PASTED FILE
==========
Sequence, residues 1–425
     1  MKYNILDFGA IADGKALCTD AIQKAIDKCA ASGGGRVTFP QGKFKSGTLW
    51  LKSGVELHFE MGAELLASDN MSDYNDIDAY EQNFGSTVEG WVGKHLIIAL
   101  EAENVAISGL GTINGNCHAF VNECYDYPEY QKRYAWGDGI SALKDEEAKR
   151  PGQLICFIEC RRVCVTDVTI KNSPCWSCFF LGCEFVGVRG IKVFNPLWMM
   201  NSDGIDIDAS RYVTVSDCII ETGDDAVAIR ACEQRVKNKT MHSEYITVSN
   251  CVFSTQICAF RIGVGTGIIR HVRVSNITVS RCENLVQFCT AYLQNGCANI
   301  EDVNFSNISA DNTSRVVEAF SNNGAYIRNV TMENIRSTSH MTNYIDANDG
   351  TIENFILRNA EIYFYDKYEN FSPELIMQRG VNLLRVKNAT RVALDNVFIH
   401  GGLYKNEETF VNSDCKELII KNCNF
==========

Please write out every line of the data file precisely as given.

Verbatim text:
Sequence, residues 1–425
     1  MKYNILDFGA IADGKALCTD AIQKAIDKCA ASGGGRVTFP QGKFKSGTLW
    51  LKSGVELHFE MGAELLASDN MSDYNDIDAY EQNFGSTVEG WVGKHLIIAL
   101  EAENVAISGL GTINGNCHAF VNECYDYPEY QKRYAWGDGI SALKDEEAKR
   151  PGQLICFIEC RRVCVTDVTI KNSPCWSCFF LGCEFVGVRG IKVFNPLWMM
   201  NSDGIDIDAS RYVTVSDCII ETGDDAVAIR ACEQRVKNKT MHSEYITVSN
   251  CVFSTQICAF RIGVGTGIIR HVRVSNITVS RCENLVQFCT AYLQNGCANI
   301  EDVNFSNISA DNTSRVVEAF SNNGAYIRNV TMENIRSTSH MTNYIDANDG
   351  TIENFILRNA EIYFYDKYEN FSPELIMQRG VNLLRVKNAT RVALDNVFIH
   401  GGLYKNEETF VNSDCKELII KNCNF